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  • What Lies Beneath?

    IT’S BEEN AMUSING to see the uproar around the Pink Chaddi Campaign over the last few days, with some of the ‘finest journalistic minds in the country’ pitching in with their opinions. This piece, ironically called ‘What Lies Beneath’, by Sagarika Ghose in Hindustan Times was particularly baffling, shallow as a frying pan and about as full of noise. I wish one could ignore such vapidity, but the piece was also disturbing at many levels. Some of us sent a rejoinder to HT. Unsurprisingly, they neither acknowledged it, nor responded. 

    Ghose starts off targeting the Pink Chaddi Campaign because according to her, “sending pink underwear to perverts is pretty undignified” — and moves on to urge “India’s young” to “emulate Sarojini Naidu and Jawaharlal Nehru”, instead of  “trying to be like characters from Sex In The City”.

    While her patronizing tone does a disservice to many of us, it also tars the unfortunate women attacked in Mangalore with the same brush and trivializes their pain.

    The women, who in her zeal to talk about class divides, Ghose seems to have forgotten. Apart from the odd mention, they barely figure in her post. She ignores the fact that this incident was symptomatic of a larger pattern of gender-based violence. As Aparna Singh, a freelance writer in Bangalore, points out: “If elite and westernised lifestyles is the only thing drawing out anger from an underclass, how come this anger was only directed at women? What about elite and westernised men? While class certainly plays a role, the fact is that women stepping into certain areas ‘designated’ for men is not taken well.”

    Ghose completely sidesteps this to argue that “this is a class war expressed through culture.” A valid point, and one that deserves careful thought. Unfortunately, Ghose seems incapable of giving it that. Her solution to this problem is garbled and confusing. She says: “We must learn from the Nehruvians of the 40s and 50s who were incredibly westernised, but deeply rooted; many of whom were rich but lived modest, tasteful lives. They drank, smoked and romanced, yet were discreet and embodied a tradition of Indian elitism that was rooted in excellence.”

    And what is her definition of “excellence”. What must India’s youth do to earn the right to “drink, smoke and romance”? Ghose is exacting on this count. She explains: “C. Rajagopalachari was considered a scholar in three language. Rukmini Devi Arundale may have been deeply influenced by the Theosophical Movement but dedicated her life to reviving Indian dance and music by founding the Kalakshetra academy. Sarojini Naidu’s favourite poet was Shelley but she took pride in the fact that she could speak Urdu, Telugu and Bengali.”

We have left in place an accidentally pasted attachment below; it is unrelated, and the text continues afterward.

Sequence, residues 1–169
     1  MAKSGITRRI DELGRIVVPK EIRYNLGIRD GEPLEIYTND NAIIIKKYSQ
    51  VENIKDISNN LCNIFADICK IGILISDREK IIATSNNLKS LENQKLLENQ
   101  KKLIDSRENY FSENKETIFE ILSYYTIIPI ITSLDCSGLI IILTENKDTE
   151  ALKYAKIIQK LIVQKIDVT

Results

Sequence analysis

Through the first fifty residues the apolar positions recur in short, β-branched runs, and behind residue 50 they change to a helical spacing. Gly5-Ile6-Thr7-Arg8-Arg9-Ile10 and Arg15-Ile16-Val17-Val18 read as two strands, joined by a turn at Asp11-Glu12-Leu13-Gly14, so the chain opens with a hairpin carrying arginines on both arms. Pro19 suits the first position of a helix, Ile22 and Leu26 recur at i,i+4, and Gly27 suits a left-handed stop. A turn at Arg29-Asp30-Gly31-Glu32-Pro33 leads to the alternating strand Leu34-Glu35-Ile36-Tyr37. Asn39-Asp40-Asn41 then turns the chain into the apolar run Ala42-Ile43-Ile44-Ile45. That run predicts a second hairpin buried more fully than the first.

Firstly, Ghose has no proof that young people frequenting pubs do not know three or four languages. Here, in the south, many are proficient in their mother tongues and know two or three languages besides English. Many are also — whether she believes it or not — reasonably close to their families, go to temples, have learned Carnatic classical music. Does this qualify as ‘excellence’ enough or do they also need to run dance schools in their spare time?

    Secondly, why should any adult have to prove anything to anyone to enjoy simple recreation? Is Ghose suggesting that hard-working, independent young people whip out scholarly credentials before entering a pub? Should they need to prove their moral discretion before kissing?

    And to whom? A bunch of goons who rampage like beasts? Or self-styled social theorists at media houses (which, don’t forget, spend hours of airtime drooling over the latest sensation)?

    Apart from these gemmy suggestions, she has no constructive ideas on how the debate on class and culture should be taken forward. Ammu Joseph, noted feminist writer and journalist, agrees that the class element cannot be denied but points out what Ghose misses. “Class divides are shifting. For example, there may not be much class difference between Sene activists and call centre workers, who often belong to very lower middle class families even though they have now been catapulted into a different socio-economic and maybe even cultural space via their jobs.”

    Feminist researcher and author Sumi Krishna adds, “Ghose’s blithe conclusion that this is a ‘class war expressed through culture’ seems to be based on hearsay rather than grounded in the complexities of southern-coastal Karnataka. It is true that rapid socio-economic changes have heightened the gap between rich and poor, and that this has been exploited by the saffron fringe to incite violence, but this violence has been directed against religious and sexual minorities, and women of all classes. It is not class concerns that drive the Bajrang Dal, Ram Sene and other groups but communal mind-sets and regressive attitudes to Indian women and to Indian cultures. The range of protests in Bangalore and elsewhere by women’s rights activists, by organisations of dalits and slum-dwellers, by IT people and academics, reflects that this is not a fight about the ‘pub drinking’ elite lifestyles of privileged urban women but about fundamentalism and gendered violence.”